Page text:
Our Lord was not just a teacher, but a redeemer.  He was coming to redeem man in the likeness of human flesh. Teachers change men by their lives. Our Blessed Lord would change men by his death. That poison of hate and sensuality and envy which is in the hearts of men could not be healed simply by mild exhortations of social reform.  The wage of sin is death, and therefore it is by death that sin would be atoned for.  As in ancient sacrifices where the fire symbolically burned up the imputed sin along with the victim, so on the cross the world’s sin would be put away in Christ’s suffering. Fir he would be upright as a priest and prostrate as a victim.  If there is anything a good teacher wants it is a long life which will make his teachings known. Death is always a great tragedy to a teacher.  The Socrates was given the hemlock juice, his message was cut off once and for all. Death was a stumbling block to Buddha and stood in the way of all the teachings of his eastern mystics. But Our Lord was always proclaiming his death, in which he took upon himself the sins of the world so he would appear as a sinner.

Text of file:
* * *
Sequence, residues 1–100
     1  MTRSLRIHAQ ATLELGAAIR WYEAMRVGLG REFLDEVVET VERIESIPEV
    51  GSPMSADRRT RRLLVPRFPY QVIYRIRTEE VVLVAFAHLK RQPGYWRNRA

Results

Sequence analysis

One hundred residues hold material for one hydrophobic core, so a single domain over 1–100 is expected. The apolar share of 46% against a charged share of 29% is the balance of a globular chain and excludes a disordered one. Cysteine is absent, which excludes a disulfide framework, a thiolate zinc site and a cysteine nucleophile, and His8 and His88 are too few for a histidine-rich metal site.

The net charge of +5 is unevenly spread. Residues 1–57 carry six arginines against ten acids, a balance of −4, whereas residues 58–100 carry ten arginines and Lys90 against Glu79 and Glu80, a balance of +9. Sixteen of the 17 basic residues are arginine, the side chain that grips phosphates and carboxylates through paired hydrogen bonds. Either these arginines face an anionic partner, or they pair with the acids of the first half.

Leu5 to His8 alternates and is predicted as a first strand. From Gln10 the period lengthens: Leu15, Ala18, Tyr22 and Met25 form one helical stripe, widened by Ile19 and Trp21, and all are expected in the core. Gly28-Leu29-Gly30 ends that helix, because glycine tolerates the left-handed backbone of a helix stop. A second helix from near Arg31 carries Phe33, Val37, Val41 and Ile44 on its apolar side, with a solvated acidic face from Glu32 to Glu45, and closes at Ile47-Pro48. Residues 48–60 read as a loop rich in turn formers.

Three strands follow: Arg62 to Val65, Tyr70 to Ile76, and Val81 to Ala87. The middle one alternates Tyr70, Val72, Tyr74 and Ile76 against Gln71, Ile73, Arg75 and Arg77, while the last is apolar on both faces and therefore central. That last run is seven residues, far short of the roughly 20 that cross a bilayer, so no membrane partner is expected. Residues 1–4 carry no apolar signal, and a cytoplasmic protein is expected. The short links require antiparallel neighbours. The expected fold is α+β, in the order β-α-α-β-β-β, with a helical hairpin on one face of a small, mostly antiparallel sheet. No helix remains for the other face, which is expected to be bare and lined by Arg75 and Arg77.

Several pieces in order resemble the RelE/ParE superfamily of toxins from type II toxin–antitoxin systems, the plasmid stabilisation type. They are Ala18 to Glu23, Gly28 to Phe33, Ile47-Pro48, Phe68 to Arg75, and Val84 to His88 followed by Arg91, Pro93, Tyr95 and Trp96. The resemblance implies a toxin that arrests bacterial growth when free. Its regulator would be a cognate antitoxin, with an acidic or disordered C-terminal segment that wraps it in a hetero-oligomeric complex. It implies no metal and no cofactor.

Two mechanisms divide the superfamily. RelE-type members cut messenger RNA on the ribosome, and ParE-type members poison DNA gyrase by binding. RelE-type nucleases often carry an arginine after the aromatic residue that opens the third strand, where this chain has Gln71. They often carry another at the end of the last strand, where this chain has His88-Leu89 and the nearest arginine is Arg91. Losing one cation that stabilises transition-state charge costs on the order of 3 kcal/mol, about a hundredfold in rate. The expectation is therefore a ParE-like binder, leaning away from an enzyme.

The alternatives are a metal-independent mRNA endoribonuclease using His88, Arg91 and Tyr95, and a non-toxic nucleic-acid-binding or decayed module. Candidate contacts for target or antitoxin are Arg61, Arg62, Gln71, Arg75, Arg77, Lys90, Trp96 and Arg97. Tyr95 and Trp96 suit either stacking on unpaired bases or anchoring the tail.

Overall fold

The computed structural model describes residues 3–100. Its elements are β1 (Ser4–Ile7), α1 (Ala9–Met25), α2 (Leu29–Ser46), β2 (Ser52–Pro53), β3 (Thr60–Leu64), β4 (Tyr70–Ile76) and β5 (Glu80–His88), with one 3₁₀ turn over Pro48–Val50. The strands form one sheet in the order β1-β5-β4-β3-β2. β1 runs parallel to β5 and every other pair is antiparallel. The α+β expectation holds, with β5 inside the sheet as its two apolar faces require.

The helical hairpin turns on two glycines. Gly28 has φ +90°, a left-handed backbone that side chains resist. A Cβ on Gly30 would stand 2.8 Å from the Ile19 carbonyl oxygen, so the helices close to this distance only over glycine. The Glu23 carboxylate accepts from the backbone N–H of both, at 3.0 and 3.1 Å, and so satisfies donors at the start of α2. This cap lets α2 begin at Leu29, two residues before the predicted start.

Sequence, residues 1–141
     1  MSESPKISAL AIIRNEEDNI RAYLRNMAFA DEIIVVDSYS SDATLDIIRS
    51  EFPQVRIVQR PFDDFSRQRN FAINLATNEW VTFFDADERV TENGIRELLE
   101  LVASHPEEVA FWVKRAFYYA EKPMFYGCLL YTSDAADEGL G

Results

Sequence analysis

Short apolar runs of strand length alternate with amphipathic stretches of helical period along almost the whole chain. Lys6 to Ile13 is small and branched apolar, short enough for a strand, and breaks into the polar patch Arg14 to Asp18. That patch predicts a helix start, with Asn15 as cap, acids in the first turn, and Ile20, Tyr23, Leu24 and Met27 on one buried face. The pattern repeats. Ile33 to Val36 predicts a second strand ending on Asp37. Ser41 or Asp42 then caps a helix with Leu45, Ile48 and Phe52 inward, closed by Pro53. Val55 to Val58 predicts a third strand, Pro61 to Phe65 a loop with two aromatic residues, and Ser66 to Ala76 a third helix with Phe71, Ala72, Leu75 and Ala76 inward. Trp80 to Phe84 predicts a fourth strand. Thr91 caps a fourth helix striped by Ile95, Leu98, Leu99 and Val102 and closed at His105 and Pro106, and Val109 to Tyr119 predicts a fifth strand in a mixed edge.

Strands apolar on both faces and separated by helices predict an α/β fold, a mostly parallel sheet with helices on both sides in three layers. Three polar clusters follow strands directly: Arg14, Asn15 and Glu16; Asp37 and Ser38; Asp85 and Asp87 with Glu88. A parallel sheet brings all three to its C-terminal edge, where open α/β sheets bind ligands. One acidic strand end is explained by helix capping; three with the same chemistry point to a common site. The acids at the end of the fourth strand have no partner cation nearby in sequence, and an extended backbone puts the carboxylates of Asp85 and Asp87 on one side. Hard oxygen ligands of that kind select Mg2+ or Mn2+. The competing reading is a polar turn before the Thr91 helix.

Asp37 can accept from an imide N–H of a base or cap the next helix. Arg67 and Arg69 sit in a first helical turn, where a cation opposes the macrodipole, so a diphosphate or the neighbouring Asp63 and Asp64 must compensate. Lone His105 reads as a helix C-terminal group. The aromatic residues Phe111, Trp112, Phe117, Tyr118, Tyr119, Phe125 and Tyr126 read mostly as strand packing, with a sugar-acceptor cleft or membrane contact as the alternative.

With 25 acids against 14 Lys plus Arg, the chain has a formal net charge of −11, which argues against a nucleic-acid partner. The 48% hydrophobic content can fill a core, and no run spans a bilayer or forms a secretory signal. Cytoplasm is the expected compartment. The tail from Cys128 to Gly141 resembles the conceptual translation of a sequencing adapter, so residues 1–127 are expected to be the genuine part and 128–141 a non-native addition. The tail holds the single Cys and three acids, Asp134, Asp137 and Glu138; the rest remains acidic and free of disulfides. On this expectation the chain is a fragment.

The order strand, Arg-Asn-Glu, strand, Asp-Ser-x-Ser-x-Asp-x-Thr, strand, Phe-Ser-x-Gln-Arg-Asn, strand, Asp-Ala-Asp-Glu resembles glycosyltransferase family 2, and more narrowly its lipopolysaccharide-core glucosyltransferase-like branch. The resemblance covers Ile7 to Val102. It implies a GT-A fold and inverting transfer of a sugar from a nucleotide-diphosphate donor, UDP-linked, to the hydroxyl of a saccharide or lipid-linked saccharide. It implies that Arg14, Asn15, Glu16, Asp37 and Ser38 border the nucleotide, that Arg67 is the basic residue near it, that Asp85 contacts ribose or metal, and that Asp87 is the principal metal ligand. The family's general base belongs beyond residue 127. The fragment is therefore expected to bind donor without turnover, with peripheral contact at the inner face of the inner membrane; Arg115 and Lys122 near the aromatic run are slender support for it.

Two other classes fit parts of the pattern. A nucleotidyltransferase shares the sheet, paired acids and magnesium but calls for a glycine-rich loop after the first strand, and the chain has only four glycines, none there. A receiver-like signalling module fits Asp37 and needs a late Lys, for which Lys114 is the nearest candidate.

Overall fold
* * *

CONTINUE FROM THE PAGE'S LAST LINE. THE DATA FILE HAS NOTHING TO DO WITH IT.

These words need to be reread to take in the deep level of this great man’s prayer and faith. May the Lord help you this summer to keep your focus on Christ.

God bless you all,

Father Tom Devery

17th Sunday of Ordinary Time Shared Homily

Weekly Reflection

Pastor Letter July 19

Dear Parish Family,

Saint Clare of Assisi had a unique view of living the Gospel, and it’s captured well in this reflection